Many of the most prolific serial killers in history targeted minorities simply because the odds were stacked in favour of the privileged figure, commonly a white man, over a sex worker, a black person or members of the LGBTQI+ community. Gary Ridgway, the Green River Killer, confessed to the astounding number of 71 murders and was convicted of 49, making him the second most prolific serial killer in the United States. Ridgway’s victims were mainly sex workers or vulnerable women, many of them young runaways. Other famous serial murderers that targeted sex workers include Robert Pickton, Joel Rifkin and Peter Sutcliffe, who famously declared that “the voice of God had sent him on a mission to kill prostitutes”.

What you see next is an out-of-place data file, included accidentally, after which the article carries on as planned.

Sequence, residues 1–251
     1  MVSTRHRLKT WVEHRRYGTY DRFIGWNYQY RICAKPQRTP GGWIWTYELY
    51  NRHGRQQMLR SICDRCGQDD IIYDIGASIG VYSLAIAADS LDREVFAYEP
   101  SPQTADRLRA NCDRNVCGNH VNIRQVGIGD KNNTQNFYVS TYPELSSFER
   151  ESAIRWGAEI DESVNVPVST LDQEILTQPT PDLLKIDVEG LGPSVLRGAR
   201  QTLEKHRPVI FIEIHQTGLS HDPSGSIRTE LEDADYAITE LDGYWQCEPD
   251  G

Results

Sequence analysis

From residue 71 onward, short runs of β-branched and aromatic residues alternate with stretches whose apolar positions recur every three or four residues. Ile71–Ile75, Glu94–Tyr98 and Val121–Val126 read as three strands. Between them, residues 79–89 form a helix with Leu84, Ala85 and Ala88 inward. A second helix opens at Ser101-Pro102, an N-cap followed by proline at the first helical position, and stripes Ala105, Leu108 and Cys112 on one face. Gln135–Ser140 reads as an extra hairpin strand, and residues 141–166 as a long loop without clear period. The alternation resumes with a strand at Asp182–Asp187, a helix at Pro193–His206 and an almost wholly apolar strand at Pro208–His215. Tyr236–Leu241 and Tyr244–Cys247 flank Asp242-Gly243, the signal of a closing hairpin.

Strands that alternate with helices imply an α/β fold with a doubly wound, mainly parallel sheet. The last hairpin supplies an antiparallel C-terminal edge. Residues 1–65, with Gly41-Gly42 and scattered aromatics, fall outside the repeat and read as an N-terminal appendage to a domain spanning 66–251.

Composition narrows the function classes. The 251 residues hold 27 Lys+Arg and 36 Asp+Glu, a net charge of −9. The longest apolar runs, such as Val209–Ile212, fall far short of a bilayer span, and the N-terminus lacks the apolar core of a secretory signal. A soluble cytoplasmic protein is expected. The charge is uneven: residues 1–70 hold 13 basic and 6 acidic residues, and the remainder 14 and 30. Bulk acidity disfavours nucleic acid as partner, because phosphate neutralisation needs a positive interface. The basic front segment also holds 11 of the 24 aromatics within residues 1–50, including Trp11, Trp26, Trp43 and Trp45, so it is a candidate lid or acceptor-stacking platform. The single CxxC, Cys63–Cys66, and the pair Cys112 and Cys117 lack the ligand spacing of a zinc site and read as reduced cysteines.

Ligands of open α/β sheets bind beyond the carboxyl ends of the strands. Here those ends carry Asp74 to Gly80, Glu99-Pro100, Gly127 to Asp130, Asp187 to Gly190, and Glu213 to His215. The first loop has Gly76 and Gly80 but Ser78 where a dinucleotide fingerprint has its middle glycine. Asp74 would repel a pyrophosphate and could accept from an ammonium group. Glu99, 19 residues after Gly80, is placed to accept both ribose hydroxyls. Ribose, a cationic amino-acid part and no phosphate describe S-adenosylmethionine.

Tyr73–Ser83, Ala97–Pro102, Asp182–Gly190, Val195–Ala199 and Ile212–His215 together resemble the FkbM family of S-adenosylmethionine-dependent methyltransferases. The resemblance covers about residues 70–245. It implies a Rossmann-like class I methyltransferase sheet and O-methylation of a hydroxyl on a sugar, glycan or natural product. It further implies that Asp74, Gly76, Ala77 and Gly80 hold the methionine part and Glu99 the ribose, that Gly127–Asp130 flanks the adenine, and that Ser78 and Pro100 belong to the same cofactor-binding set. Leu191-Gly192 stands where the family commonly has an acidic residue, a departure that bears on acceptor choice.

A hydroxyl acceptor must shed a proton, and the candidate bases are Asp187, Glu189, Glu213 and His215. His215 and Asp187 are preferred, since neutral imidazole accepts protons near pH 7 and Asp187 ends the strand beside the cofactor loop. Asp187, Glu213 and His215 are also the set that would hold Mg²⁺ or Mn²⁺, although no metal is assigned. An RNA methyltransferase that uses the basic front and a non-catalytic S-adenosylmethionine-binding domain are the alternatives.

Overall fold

There are several aspects of Robert Hansen’s murder spree that promptly turned the story into a juicy media bait: Hansen owned a local bakery and was an active member of the community, he had a wife and children who were completely unaware of his crimes and – above all – there was a rumour the avid hunter used his own private aeroplane to release victims into the wild Alaskan forests, hunting them down as soon as they tried to escape his terror. Hansen’s cruelty disguised by all-American normalcy earned him the nickname The Butcher Baker.
In The Frozen Ground, not much is seen of Hansen per se. Director Scott Walker chooses to focus on the relationship between Cindy Paulson and Sergeant Jack Halcombe (Nicolas Cage), who serves as an amalgamation of several officers involved in the original investigation. Characteristically Cage, Halcombe is a deep-voiced, manly investigator with a troubled past aptly used to build an emotional bridge with the victim. He is the exception to the rule, the one who believes an underage sex worker accusing a man of rape and attempted murder. Every single detail employed on the portrayal of his character, from the dialogue to the lighting, feeds into the cliché.